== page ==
The Civil War started to take shape with the election of Abraham Lincoln on November 6, 1860. What caused the Civil War is debatable but the election of Lincoln certainly was a key factor.
This was the final straw in decades of conflict between pro and anti-slavery forces. Lincoln believes in “Free Soil.” In other words, he believes that no more states should be admitted to the Union as slave states.
On December 20, 1860 South Carolina secedes from the Union; Mississippi, Florida, Alabama, Georgia, Louisiana, and Texas quickly follow her.
Lincoln hopes to end the rebellion quickly, although a few Northerners feel that the industrial North will get along just fine without its “backward” agricultural Southern cousins and are ready to say “good riddance” to the South.
The most vocal anti-war group in the north were the Copperheads. One of the most prominent voices of the North was Horace Greeley. When Jefferson Davis is selected as president of the Confederacy in February 1861 it’s obvious that these “insurrections” may be tough to put down, but Northerners remain confident in a quick victory.
An excellent resource on some of the more obscure events of the war is The Untold Civil War: Exploring the Human Side of War which delves into the unknown side of the war.
If you have never seen Ken Burns: The Civil War documentary it is by far one of the best Civil War documentaries ever made. It goes into great detail about the major events of the Civil War.
On March 4, 1861 Lincoln takes office and the next month Confederate troops fire on Federal troops guarding Fort Sumter, South Carolina, igniting the Civil War. Surrounded, the Federal troops surrender (April 12, 1861). Within a few days, Virginia, Arkansas, North Carolina and Tennessee also secede. Lincoln blockades the Confederacy so that it cannot get supplies. The South has few factories and has relied on the North and on European manufacturers for weapons and ammunition, so Lincoln hopes the blockade will be sufficient to force the South into submission without the need of bloodshed. Like many of Lincoln’s hopes during the Civil War, this one is quickly dashed.
The South swiftly begins manufacturing its own weapons, using scrap metal and other supplies gathered by loyal Confederates and also relies on supplies smuggled in from Europe and the North. Lincoln also hopes brilliant war tactician Robert E. Lee will agree to be the Union’s chief general, but although Lee feels the South would be better off without slavery, he cannot bring himself to fight against his native Virginia and he becomes the Confederacy’s major general.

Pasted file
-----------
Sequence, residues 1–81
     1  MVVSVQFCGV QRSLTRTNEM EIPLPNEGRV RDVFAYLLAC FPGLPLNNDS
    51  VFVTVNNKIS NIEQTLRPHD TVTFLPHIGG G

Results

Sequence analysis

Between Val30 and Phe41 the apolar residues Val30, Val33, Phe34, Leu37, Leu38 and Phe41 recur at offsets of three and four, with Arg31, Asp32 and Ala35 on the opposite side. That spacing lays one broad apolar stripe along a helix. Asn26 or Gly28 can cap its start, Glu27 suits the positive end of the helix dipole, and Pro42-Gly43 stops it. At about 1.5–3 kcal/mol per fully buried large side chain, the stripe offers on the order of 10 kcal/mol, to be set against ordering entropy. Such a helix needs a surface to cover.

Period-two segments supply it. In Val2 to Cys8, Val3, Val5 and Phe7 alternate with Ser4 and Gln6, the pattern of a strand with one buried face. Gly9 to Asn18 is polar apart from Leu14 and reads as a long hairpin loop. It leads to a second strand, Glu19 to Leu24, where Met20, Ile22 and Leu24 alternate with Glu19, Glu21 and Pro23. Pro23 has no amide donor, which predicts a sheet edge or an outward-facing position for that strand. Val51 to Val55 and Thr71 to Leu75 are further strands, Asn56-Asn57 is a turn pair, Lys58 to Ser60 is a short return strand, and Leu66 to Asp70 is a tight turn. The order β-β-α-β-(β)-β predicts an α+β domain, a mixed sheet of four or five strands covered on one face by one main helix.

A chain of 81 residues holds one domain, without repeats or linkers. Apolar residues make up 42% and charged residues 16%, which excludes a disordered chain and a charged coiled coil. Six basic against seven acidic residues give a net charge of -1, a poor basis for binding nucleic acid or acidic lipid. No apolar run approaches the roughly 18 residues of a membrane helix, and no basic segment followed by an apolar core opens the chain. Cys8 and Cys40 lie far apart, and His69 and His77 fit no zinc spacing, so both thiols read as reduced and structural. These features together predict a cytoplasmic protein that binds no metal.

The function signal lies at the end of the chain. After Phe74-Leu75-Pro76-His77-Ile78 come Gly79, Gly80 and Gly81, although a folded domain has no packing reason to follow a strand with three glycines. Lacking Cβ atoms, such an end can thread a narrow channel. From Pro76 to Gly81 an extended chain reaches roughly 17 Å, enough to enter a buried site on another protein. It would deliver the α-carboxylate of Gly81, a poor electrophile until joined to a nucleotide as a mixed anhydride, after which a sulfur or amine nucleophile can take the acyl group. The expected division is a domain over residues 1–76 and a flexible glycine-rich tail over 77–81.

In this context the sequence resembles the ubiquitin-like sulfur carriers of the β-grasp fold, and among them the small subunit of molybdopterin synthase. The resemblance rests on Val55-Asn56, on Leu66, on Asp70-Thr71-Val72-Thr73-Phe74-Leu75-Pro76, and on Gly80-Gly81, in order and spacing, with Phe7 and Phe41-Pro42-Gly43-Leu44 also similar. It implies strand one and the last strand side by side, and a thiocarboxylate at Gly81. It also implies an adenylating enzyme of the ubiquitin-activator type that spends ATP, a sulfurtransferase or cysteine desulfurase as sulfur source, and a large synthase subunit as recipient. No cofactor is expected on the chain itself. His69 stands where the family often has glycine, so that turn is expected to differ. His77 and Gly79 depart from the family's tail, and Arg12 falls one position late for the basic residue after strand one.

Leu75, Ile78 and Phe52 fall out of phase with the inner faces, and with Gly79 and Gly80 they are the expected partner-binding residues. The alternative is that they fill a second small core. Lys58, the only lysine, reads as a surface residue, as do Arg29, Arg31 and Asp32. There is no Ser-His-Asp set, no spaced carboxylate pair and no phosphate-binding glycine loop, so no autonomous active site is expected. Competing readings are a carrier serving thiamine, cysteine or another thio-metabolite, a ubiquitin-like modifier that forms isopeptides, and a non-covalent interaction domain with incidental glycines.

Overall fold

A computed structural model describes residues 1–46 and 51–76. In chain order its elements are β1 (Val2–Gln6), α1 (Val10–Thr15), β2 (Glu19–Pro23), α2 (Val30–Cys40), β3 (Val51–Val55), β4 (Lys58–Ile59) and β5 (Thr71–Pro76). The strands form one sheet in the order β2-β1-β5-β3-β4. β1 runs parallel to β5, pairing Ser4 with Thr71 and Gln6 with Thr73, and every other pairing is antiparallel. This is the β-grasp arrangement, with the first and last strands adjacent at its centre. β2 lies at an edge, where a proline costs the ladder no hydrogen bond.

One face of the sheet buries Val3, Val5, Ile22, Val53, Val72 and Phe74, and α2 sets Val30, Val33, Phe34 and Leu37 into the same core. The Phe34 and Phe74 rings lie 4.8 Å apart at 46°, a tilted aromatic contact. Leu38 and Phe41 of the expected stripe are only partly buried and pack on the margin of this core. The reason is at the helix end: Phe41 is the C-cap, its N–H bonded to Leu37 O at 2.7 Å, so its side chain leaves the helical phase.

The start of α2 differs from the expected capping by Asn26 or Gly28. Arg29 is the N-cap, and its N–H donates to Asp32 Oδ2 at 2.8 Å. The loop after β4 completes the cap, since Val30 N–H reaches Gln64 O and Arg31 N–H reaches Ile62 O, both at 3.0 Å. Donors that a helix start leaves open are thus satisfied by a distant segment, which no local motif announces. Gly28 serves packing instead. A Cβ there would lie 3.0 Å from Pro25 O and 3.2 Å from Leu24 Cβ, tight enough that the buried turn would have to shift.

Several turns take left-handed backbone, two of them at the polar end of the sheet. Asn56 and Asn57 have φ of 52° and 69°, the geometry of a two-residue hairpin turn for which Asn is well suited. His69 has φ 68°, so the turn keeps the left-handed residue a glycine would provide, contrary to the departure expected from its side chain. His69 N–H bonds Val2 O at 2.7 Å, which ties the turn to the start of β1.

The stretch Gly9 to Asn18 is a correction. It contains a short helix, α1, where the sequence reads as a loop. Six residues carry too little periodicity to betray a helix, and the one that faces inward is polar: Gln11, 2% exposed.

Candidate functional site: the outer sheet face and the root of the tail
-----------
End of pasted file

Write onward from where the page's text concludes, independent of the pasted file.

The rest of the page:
Finding a good general will be a headache for Lincoln throughout most of the Civil War. At one point, Lincoln plans war strategy himself, studying books on battle tactics late into the night, because he has little military experience. The elderly, ailing hero of the Mexican War, General Winfield C. Scott provides a strategy know as the Anaconda Plan to squeeze the South into submission, but he can’t take to the field to see his plans put into action; if “Old Fuss and Feathers” (Scott’s nickname) had been able to take the field he might have given Lee a run for his money.
Inexperienced troops lead to a disastrous first battle for the Union. The First Battle of Manassas or Bull Run occurs on July 21, 1861, by the Bull Run River outside of Manassas, Virginia. Believing Union troops will win a decisive victory, several Congressmen drive down from Washington to watch the battle and actually picnic under the trees a little apart from the battlefield. Their picnic is spoiled when Confederate Infantry reinforcements arrive and send the green Union troops into a panic. Soldiers and Congressmen run for their lives.
To discipline the Army of the Potomac’s green troops during the Civil War, Lincoln picks General George B. McClellan. The troops love “little Mac” because he genuinely cares for their welfare and they are soon a disciplined army, but “little Mac” delays beginning an offensive campaign. Lincoln complains that McClellan is too slow. He tolerates McClellan’s delays because he knows how vital troop morale and discipline are and he appoints McClellan General-in-Chief.
Few battles happen during the Civil War in the first year. In February 1862, the Union wins a decisive victory when Ulysses S. Grant and Andrew H. Foote capture Fort Henry and Fort Donelson. Union troops take Nashville by month’s end. Grant wins a promotion for his leadership and in meanwhile the slow McClellan has finally begun the Peninsular Campaign which is aimed at capturing Richmond.